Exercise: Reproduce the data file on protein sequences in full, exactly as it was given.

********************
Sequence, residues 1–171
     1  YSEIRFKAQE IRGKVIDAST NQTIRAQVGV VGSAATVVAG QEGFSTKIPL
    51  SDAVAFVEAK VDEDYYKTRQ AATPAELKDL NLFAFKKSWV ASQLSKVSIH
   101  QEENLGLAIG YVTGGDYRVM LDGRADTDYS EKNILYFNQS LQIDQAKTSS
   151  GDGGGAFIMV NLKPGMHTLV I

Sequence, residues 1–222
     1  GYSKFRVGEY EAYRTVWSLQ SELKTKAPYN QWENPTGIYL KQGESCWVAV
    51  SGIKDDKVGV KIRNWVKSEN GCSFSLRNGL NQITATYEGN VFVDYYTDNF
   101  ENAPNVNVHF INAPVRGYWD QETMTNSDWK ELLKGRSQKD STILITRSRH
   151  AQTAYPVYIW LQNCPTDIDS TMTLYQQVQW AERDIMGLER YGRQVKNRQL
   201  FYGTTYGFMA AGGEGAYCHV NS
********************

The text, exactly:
Sequence, residues 1–171
     1  YSEIRFKAQE IRGKVIDAST NQTIRAQVGV VGSAATVVAG QEGFSTKIPL
    51  SDAVAFVEAK VDEDYYKTRQ AATPAELKDL NLFAFKKSWV ASQLSKVSIH
   101  QEENLGLAIG YVTGGDYRVM LDGRADTDYS EKNILYFNQS LQIDQAKTSS
   151  GDGGGAFIMV NLKPGMHTLV I

Sequence, residues 1–222
     1  GYSKFRVGEY EAYRTVWSLQ SELKTKAPYN QWENPTGIYL KQGESCWVAV
    51  SGIKDDKVGV KIRNWVKSEN GCSFSLRNGL NQITATYEGN VFVDYYTDNF
   101  ENAPNVNVHF INAPVRGYWD QETMTNSDWK ELLKGRSQKD STILITRSRH
   151  AQTAYPVYIW LQNCPTDIDS TMTLYQQVQW AERDIMGLER YGRQVKNRQL
   201  FYGTTYGFMA AGGEGAYCHV NS